s.price · · the deck of Rover · Joined Dec 2010 · Points: 1,346

Fly in to Vegas for sure. Go straight to Indian Creek. The chance to see this part of America is something you should take advantage of. Beautiful drive.

Climb a few days and head back to Red Rocks. Zion is easy to reach from here as well. Then head to Bishop and let the trip develop from there.

Definitely dial in your time for the Valley. As mentioned above be ready for BIG days. All the Brits I know are tough so that shouldn't be a problem.

Enjoy your trip. We are headed to your neck of the woods in 2018.
A few months checking out the area. Wales is home turf for some of my family.
My wife is a Langford.

jon bernhard · · grand junction, co · Joined Apr 2008 · Points: 286

I have a reliable Chevy Astro Cargo van for sale. Only 102,000 miles.

Retrofitted with a 1-2 person bed. Insulated.
Plenty of room for 2 people and gear. Easy to organize. Nothing fancy, just efficient and ready for travel.

I use it from road trips all over. Good gas mileage and no mechanical issues.


You could dell it off to the next traveler. Better return on the money than renting for 3 months.

Scoop Norris · · Truckee · Joined Nov 2014 · Points: 45

I think Tahoe and Donner Summit should be on your list. Send me a pm when you get to Truckee! It will be snowy until mid-April (hopefully.)

Welcome to Trump-Land!

Muscrat · · Unknown Hometown · Joined Oct 2011 · Points: 3,610
Scoop wrote: It will be snowy until mid-April (hopefully.) Welcome to Trump-Land!
Ha ha. I live in the northern Sierras. Looks like the rock might clear up by August....hopefully! MAN there is a lot of snow!
beensandbagged · · Unknown Hometown · Joined Oct 2013 · Points: 10

bring a lot of enthusiasm and a good sense of humor you'll have a great time

Karl Gregory · · London, United Kingdom · Joined May 2014 · Points: 0

Sorry for the delay in coming back to this thread. Thanks for all the help everyone - exactly the kind of advice I was looking for.

Our flights are already booked, we fly into LA at the beginning of April and fly home from SF at the end of June.

I've heard of Tahquitz and Suicide Rocks - so I'll investigate further (although I'm already worried the 6weeks we've set aside for road-tripping before hitting the Valley isn't going to be long enough for all the places we'd love to go to. The one area we have hardly any beta/topo/guidebooks for is The Needles so that might have to get dropped if we get too attached to other areas and start getting short of time. We have guidebooks for just about all the other areas that I mentioned we will be visiting.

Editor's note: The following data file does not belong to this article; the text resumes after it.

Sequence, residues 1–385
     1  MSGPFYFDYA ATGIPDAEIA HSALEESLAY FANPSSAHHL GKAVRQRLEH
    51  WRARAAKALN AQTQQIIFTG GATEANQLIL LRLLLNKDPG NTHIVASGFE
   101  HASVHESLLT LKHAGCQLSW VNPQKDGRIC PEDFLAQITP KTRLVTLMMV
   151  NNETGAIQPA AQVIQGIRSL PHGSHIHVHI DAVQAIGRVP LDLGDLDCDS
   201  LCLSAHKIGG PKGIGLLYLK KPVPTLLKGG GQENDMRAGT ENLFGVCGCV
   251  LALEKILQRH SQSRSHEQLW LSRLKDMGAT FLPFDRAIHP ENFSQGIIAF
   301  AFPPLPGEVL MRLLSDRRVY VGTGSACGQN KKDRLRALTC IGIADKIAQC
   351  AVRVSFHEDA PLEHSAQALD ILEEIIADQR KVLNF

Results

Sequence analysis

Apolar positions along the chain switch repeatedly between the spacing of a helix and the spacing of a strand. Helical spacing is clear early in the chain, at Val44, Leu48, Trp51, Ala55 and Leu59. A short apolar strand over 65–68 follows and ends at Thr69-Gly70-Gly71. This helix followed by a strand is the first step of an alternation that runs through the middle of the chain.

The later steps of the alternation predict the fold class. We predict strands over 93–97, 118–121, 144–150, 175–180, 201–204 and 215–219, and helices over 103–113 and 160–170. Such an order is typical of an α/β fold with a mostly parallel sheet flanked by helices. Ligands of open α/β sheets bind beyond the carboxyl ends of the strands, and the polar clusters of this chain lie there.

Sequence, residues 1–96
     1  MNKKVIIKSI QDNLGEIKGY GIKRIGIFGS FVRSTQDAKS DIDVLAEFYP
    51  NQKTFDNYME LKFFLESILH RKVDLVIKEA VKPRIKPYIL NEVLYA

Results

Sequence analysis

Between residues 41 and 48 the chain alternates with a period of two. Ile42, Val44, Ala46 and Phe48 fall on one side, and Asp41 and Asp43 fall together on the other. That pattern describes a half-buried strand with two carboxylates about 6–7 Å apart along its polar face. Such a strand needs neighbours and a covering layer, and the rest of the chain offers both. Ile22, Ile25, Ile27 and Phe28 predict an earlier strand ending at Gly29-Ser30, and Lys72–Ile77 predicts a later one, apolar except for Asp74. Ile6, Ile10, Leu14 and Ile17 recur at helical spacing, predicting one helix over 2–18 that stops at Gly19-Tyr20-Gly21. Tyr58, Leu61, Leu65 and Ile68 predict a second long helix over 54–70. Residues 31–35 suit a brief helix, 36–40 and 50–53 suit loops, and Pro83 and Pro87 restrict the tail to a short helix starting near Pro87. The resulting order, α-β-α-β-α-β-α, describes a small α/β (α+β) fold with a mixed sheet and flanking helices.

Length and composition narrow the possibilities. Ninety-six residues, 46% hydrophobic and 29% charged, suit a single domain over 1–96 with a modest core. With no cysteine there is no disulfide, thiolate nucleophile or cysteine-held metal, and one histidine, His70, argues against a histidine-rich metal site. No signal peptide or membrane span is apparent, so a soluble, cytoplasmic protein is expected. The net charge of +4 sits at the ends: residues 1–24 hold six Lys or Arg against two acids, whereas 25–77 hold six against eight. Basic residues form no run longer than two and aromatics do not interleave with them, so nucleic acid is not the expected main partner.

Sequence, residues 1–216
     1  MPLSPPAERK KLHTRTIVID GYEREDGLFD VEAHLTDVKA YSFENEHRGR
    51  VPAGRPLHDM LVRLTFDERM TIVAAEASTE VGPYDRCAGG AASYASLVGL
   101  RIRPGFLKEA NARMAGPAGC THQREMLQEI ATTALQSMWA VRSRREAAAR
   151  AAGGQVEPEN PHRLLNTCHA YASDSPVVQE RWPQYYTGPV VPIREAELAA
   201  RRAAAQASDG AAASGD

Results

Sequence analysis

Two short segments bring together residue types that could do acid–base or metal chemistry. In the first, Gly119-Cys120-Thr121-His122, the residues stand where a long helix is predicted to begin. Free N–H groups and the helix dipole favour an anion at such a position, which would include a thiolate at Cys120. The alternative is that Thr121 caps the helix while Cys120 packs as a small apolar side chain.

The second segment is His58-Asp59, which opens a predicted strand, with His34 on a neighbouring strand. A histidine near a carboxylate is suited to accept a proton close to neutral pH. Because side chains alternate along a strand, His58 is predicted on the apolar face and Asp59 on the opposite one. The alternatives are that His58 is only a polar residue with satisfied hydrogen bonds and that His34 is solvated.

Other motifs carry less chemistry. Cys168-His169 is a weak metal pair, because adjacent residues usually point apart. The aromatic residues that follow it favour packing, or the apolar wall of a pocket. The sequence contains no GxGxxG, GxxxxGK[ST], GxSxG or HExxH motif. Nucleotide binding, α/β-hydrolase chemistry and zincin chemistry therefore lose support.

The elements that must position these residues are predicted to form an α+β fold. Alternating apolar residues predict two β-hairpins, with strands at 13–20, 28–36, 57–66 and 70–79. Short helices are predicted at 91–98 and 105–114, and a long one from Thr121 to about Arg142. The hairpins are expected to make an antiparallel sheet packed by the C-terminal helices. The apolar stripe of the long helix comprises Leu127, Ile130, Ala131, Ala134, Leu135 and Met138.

I'm aware of the limits on how long we can stay in the valley, butI've been told that we will be ok parking the RV in the valley overnight(s) while we're actually climbing on the big-walls - is that correct? For the nights we're not on the portaledge we were kinda planning on driving down to El Portal and parking there for the night - is that a good/bad idea?

Thanks again and Happy New Year!

King Tut · · Citrus Heights · Joined Aug 2012 · Points: 430

OK, what I would like to add is that keep in mind that the east side of YNP may not be open until end of May. So far this is shaping up to be a good winter and traditionally Tioga Pass doesn't open till Memorial Day (5/29) weekend. And yes, heavy winters can be even later.

Just don't want you to be stuck on the East Side as it is about 6-8 hours around the Sierra to get to YNP West entrances.

Camping in the RV in El Portal is not so good. There are camp grounds there (pay) but outside the park on the road to Oakdale (rt 120) there are many places where you can camp free within 30-60 minutes to the valley floor. When you are not in your vehicle it is perfectly fine to park for many days in the Valley. Put a helpful note on the RV as to what route you are on and when you are expected back. DONT leave food in it or a a bear will open it like a sailor and a sardine can. This is true at all times and there are Bear Boxes at nearly all parking areas for food storage.